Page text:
But are those outside the garden supposed to have evolved through divine intervention, at least in a way that’s different from natural processes? GA doesn’t say, and I believe @swamidas thinks not.
Do you just continue to make stuff up?
Who says that!?!?
Why would it be any different? … It is exactly as it should be.
If God is in charge, there is no way to evaluate what things would be like if he weren’t in charge.
So, I believe you are trying to provoke a minor rebellion of some sort… but your comment would only elicit one from someone who doesn’t understand the circumstances.
I know it seems like I’m making stuff up … because you can’t remember what we discussed for breakfast.
Thank you. I think you are right about the 2015 paper I saw. Sounds like different papers come up with different numbers based on different search and match criteria.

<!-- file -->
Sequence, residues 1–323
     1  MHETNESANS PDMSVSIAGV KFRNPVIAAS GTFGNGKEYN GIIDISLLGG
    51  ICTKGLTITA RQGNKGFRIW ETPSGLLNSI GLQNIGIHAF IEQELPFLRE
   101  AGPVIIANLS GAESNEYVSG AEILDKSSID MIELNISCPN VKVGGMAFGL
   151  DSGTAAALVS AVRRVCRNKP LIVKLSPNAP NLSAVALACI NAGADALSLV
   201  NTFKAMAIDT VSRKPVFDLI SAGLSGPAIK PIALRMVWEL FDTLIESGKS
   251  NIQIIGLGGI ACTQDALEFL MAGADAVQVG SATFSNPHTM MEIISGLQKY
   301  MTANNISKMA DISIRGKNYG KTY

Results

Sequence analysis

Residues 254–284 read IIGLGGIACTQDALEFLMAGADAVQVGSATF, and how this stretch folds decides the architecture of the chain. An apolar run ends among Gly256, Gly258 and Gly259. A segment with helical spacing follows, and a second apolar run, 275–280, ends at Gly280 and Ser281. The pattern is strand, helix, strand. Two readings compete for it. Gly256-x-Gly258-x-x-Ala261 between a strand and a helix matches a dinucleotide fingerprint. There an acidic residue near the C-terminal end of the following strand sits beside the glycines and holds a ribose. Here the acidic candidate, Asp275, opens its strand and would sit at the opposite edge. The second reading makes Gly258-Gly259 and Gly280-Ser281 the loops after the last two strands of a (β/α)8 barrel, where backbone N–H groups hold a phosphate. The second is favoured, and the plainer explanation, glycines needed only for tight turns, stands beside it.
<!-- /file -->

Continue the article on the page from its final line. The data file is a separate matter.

The reality (of the number of de novo genes) is likely somewhere between the reported numbers of 35 and 1000. BUT, for the purpose of this discussion, let’s go with the very conservative 35 genes.
The de novo gene-sizes range from 100-200 AA. Probability of random-chance formation of such a de novo gene is about 1E-60 or lower (significant underestimate based on the literature).
So for 35 genes needed for the chimp-human difference that would require (1E-60)^35 = 1E-2100.
So, let’s say 10^2100 site-substitutions / attempts needed (approx.) to get the required 35 genes.
JBS Haldane calculated a total of 1667 possible site mutations (fixed) in a ape/human population in the available 6 million years. Change the time to 10 million years. This leads to a maximum of 2800 fixed site-mutations in 10 million years (approx.).
This is enormous orders of magnitude too small for the arising and fixation of the 35 de novo genes (as a vast underestimate of the actual de novo genes required).
Alternatively, population 10,000 ch-luca-H-population; 10 million years = 3.2e14 seconds. 3billion base pair genome; 1e-9 mutation rate per site per copying; 20 minutes per copy (vast over estimate) = 1200 seconds; Number of genome copyings in 10 million years = 3.2e14/1.2e3 10,000 = 3e111e4 (approx.) = 3e15. Number of site copyings in 10 million years = 3e153billion = 3e153e9 = 9e24. Number of site mutations in 10 million years in the CH-luca-H population = 9e24*1e-9 =9e15, round up to 1e16 (approx.)